That doesn't seem like a very good sign. Some long equity holders of China Medical stock had theorized that the company may restructure the debt with bondholders and therefore continue existing as a public U.S. company. But if the company hasn't communicated with bondholders thus far, is there really any indication it intends to restructure its debt?
As part of the petition, the bondholders have proposed the joint liquidators to be Kenneth M. Krys of Krys & Associates and Cosimo Borrelli of Borrelli Walsh Limited. According to the petition, the liquidators are authorized to take actions "necessary or desirable in connection with the liquidation of the Company and the winding-up of its affairs and to present the dissipation of the Company's assets". Mr. Krys and Mr. Borelli are qualified insolvency practitioners in the Cayman Islands and have had prior joint liquidator assignments where they liquidated Cayman Islands-based Chinese companies. Borelli, for example, was the liquidator for Zhu Kuan Group, Akai Holdings, China Milk Products and more than a dozen Cayman Islands-based Chinese companies that defaulted on bonds owed to foreign creditors. Borelli has developed a reputation for aggressively pursuing companies that have illicitly transferred assets to insiders, as recounted in a South China Morning Post article here.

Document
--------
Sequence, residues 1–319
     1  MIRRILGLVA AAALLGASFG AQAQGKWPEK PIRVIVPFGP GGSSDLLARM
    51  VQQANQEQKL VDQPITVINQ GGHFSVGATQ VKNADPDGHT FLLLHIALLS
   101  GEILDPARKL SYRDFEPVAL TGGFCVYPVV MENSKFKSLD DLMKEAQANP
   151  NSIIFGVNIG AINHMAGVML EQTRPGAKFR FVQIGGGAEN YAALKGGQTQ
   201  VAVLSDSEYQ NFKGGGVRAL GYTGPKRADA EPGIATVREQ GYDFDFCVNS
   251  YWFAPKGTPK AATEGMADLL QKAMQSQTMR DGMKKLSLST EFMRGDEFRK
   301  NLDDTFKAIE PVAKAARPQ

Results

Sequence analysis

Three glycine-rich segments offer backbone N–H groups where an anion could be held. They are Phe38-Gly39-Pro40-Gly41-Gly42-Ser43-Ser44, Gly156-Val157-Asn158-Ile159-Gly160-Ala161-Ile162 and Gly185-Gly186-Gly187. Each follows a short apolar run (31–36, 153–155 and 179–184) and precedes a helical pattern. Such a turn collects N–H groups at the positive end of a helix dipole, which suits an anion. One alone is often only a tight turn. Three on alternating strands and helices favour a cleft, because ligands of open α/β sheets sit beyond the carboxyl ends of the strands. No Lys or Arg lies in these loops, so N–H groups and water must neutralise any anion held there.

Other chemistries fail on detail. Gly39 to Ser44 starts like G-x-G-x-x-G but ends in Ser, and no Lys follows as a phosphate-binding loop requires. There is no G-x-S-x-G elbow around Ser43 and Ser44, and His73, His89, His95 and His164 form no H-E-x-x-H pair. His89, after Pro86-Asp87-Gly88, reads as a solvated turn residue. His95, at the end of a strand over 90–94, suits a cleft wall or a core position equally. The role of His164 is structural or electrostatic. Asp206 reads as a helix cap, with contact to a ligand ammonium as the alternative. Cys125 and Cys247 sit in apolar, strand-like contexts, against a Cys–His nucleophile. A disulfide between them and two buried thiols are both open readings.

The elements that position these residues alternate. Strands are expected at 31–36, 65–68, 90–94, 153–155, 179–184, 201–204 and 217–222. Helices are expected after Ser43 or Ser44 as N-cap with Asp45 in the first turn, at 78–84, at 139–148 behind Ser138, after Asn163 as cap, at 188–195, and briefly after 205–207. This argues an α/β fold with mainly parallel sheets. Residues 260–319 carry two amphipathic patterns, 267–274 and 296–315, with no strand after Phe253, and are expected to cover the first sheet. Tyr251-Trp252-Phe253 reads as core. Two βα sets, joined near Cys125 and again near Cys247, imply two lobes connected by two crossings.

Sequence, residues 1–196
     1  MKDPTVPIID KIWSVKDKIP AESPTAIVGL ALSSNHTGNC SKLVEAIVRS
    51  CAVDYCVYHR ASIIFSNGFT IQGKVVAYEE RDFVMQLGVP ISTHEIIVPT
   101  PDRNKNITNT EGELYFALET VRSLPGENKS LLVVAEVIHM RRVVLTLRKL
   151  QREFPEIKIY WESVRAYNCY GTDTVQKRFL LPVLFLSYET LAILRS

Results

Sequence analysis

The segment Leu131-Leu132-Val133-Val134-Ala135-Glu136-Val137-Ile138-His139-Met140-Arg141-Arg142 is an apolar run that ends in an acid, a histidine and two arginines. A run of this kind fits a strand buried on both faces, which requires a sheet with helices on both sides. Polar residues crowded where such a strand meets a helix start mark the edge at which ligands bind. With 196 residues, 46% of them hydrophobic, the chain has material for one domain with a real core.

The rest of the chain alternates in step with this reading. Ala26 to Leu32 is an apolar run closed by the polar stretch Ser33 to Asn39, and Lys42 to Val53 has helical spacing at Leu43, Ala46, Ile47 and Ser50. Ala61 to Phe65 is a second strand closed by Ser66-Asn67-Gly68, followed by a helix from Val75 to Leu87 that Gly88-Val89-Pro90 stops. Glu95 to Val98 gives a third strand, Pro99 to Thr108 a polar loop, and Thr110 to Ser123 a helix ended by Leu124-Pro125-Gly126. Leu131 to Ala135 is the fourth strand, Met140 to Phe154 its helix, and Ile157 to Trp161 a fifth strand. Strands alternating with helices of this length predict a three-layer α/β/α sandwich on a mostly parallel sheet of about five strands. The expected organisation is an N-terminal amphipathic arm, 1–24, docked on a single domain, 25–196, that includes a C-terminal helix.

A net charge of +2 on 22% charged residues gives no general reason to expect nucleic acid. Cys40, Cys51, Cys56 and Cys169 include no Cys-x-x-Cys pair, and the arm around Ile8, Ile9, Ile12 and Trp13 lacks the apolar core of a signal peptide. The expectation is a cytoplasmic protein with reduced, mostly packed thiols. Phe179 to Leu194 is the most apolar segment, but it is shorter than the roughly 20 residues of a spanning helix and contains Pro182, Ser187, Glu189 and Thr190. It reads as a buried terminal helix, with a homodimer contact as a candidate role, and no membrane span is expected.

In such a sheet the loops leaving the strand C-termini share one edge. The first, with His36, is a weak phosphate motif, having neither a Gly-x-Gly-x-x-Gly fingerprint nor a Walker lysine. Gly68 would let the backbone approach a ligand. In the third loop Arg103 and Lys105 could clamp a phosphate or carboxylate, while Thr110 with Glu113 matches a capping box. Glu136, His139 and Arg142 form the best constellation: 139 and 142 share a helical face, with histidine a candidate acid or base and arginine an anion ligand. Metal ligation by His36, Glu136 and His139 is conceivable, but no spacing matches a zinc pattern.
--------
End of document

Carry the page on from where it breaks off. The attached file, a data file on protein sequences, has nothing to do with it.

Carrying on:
Value of Equity
I'm not sure how equity holders of China Medical expect to generate any recovery now that China Medical bondholders have filed an involuntary Winding-Up Petition. The company has not been communicative with the bondholders, the trustee or counsel over the past six months since the missed interest payment, according to the Winding-Up Petition. Now, the question is whether liquidators can locate any sources of value for the $430 million of bonds and accrued interest outstanding. It could very well take years of litigation to find out.